The Yes Factor
When I went through theatre training at the Portland Actor’s Conservatory, the most profound tool they taught me was yes. I was already doing it in my real life, and in storytelling—but I didn’t know it also applied to performance. What else is living and storytelling, but performance, really.
Anyway, the yes in theater performance is the willingness to try, experiment, interact with—and ACT. Yes, is always an action, even if that action is inaction.
In this section of my yes factor in the Warehouse is an aisle called, “Well, it sounded like a good idea at the time.”
Walking down this aisle you’d think I have a master’s degree in failure. It’s like a screw-up’s hall of fame. It’s littered with plaques and trophies with labels such as, “Unemployable”, “You’re fired!”, “I quit”, “We need a divorce”, “bankruptcy”, “default”, and so on. I could list a half dozen more, but I’m sure you get the gist.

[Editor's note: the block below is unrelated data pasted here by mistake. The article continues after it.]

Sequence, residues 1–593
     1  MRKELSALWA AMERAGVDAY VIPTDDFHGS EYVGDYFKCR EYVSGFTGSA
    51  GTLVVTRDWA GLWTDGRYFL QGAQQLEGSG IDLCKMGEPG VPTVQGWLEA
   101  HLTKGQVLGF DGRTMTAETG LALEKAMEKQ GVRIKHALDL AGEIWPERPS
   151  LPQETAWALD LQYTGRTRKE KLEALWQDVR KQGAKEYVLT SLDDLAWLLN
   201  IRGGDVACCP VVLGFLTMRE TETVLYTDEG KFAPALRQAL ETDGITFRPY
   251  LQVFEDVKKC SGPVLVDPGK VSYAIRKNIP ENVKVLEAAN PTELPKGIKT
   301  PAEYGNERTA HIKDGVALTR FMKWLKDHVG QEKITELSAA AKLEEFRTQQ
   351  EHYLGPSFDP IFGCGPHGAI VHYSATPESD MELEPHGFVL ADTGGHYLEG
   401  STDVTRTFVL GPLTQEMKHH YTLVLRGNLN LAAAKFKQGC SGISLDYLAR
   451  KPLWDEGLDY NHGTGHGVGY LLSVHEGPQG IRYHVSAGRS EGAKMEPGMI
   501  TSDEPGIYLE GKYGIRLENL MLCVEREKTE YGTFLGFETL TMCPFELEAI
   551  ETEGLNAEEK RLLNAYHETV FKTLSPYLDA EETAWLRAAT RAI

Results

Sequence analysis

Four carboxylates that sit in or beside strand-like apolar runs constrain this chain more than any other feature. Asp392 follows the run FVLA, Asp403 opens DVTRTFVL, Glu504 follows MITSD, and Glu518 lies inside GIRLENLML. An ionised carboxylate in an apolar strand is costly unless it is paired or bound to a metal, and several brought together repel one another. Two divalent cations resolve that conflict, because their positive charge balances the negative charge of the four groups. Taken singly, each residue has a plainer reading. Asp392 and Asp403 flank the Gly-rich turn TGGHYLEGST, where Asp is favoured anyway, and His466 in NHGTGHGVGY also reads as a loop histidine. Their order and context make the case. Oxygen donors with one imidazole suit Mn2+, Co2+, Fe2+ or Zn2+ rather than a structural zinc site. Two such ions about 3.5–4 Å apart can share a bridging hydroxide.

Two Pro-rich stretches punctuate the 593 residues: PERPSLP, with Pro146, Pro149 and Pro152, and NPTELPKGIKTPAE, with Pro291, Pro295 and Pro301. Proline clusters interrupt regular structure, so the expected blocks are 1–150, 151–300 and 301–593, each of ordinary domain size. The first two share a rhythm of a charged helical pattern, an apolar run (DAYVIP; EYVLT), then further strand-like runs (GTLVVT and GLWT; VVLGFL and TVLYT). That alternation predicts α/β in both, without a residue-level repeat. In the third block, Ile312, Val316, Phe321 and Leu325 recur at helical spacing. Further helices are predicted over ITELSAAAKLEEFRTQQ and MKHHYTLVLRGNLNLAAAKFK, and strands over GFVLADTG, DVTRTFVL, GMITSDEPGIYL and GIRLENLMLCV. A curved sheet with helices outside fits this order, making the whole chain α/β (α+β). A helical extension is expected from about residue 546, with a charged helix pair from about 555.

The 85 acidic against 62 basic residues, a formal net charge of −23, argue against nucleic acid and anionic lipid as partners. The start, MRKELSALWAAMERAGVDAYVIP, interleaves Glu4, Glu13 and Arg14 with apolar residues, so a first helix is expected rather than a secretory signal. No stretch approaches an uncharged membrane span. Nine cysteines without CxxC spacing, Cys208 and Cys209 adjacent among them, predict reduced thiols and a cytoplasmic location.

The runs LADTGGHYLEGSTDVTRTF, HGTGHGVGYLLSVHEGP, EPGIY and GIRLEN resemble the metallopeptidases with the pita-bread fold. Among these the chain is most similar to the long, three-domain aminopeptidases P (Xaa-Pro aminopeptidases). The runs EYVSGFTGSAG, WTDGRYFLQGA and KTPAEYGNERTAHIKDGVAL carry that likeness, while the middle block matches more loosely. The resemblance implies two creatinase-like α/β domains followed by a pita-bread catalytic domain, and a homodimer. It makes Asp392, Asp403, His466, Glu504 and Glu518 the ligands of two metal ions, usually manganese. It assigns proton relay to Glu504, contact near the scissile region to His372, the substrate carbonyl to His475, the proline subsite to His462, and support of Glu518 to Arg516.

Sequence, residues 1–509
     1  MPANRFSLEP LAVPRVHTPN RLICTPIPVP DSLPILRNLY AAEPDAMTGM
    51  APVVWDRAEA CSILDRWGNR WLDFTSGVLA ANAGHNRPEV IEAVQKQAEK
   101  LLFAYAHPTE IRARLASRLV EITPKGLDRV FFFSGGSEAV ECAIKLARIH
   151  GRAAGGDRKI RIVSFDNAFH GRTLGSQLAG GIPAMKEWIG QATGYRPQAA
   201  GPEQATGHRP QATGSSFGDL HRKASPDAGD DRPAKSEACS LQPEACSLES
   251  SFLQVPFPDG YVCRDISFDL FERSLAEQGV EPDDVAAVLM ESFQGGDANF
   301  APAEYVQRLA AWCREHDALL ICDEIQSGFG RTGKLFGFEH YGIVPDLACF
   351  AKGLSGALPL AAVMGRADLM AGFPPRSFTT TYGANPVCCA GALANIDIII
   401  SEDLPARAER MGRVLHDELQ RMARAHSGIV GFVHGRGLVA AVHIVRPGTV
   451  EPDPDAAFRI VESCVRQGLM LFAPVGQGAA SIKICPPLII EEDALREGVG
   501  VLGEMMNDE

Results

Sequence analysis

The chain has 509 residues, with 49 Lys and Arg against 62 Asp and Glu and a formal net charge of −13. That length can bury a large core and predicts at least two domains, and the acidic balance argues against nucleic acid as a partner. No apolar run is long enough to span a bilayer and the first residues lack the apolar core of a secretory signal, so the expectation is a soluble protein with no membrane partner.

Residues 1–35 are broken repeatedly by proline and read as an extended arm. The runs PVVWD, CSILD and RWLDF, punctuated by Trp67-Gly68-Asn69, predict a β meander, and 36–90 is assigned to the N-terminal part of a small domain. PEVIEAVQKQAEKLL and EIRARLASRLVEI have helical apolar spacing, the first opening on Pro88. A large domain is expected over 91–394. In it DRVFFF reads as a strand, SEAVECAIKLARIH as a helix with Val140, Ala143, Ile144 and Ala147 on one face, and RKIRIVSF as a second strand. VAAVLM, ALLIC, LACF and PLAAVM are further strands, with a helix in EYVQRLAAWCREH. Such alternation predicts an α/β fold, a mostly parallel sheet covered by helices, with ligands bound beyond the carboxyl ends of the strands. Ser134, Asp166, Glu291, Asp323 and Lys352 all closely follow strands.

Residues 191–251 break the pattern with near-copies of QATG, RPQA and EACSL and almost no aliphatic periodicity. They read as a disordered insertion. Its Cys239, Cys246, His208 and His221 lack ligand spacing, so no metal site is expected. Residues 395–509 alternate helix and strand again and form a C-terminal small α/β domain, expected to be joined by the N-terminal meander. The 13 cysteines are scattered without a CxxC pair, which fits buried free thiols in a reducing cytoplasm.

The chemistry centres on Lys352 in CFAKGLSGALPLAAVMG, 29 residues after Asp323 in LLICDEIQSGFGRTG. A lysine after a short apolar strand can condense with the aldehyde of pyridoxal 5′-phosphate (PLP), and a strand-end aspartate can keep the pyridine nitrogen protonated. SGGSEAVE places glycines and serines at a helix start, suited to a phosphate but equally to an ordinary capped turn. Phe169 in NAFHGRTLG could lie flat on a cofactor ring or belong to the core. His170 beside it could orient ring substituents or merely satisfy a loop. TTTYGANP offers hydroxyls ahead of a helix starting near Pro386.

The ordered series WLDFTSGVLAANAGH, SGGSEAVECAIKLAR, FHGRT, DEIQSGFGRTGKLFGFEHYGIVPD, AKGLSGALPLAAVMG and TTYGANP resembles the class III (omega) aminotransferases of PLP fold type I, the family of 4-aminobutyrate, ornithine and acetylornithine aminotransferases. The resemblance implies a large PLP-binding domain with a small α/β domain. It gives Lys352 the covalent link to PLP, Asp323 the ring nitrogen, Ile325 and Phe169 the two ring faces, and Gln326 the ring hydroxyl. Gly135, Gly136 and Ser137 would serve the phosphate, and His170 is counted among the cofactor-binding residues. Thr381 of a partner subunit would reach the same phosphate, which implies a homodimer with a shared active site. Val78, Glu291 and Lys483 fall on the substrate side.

Other boxes and files on this aisle of the warehouse are labeled, “That was a close one” “Woohooo!” “Your book is done”, “Here are the keys to your house”.
Why would I call this section the Yes Factor?
Because as a human, an artist, I had to say yes to every one of the situations that led me through these events. Some I caused myself, others I had a hand in, and some had nothing to do with me except that I was in the wrong or right place, at the wrong or right time. They were all events that I participated in, even if only by association.